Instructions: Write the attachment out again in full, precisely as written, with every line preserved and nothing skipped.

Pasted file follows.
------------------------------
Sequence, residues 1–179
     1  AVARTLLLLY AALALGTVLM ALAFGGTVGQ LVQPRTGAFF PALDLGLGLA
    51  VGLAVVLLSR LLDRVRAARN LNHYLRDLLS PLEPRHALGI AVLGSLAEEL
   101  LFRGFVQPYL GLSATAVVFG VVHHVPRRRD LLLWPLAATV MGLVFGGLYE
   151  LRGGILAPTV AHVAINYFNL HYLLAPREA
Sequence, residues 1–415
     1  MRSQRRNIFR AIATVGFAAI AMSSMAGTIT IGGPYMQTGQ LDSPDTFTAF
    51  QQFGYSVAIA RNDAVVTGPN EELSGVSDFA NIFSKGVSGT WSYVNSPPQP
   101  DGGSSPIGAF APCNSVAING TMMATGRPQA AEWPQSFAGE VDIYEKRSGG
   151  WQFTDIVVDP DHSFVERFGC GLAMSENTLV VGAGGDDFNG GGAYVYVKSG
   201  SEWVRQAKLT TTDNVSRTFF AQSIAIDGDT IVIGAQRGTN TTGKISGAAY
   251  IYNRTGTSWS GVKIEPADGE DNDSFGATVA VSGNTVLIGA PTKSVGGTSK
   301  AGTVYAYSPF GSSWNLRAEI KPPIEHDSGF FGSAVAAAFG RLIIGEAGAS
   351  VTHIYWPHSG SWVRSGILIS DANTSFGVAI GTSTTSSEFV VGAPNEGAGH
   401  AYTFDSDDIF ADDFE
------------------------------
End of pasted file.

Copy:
Sequence, residues 1–179
     1  AVARTLLLLY AALALGTVLM ALAFGGTVGQ LVQPRTGAFF PALDLGLGLA
    51  VGLAVVLLSR LLDRVRAARN LNHYLRDLLS PLEPRHALGI AVLGSLAEEL
   101  LFRGFVQPYL GLSATAVVFG VVHHVPRRRD LLLWPLAATV MGLVFGGLYE
   151  LRGGILAPTV AHVAINYFNL HYLLAPREA
Sequence, residues 1–415
     1  MRSQRRNIFR AIATVGFAAI AMSSMAGTIT IGGPYMQTGQ LDSPDTFTAF
    51  QQFGYSVAIA RNDAVVTGPN EELSGVSDFA NIFSKGVSGT WSYVNSPPQP
   101  DGGSSPIGAF APCNSVAING TMMATGRPQA AEWPQSFAGE VDIYEKRSGG
   151  WQFTDIVVDP DHSFVERFGC GLAMSENTLV VGAGGDDFNG GGAYVYVKSG
   201  SEWVRQAKLT TTDNVSRTFF AQSIAIDGDT IVIGAQRGTN TTGKISGAAY
   251  IYNRTGTSWS GVKIEPADGE DNDSFGATVA VSGNTVLIGA PTKSVGGTSK
   301  AGTVYAYSPF GSSWNLRAEI KPPIEHDSGF FGSAVAAAFG RLIIGEAGAS
   351  VTHIYWPHSG SWVRSGILIS DANTSFGVAI GTSTTSSEFV VGAPNEGAGH
   401  AYTFDSDDIF ADDFE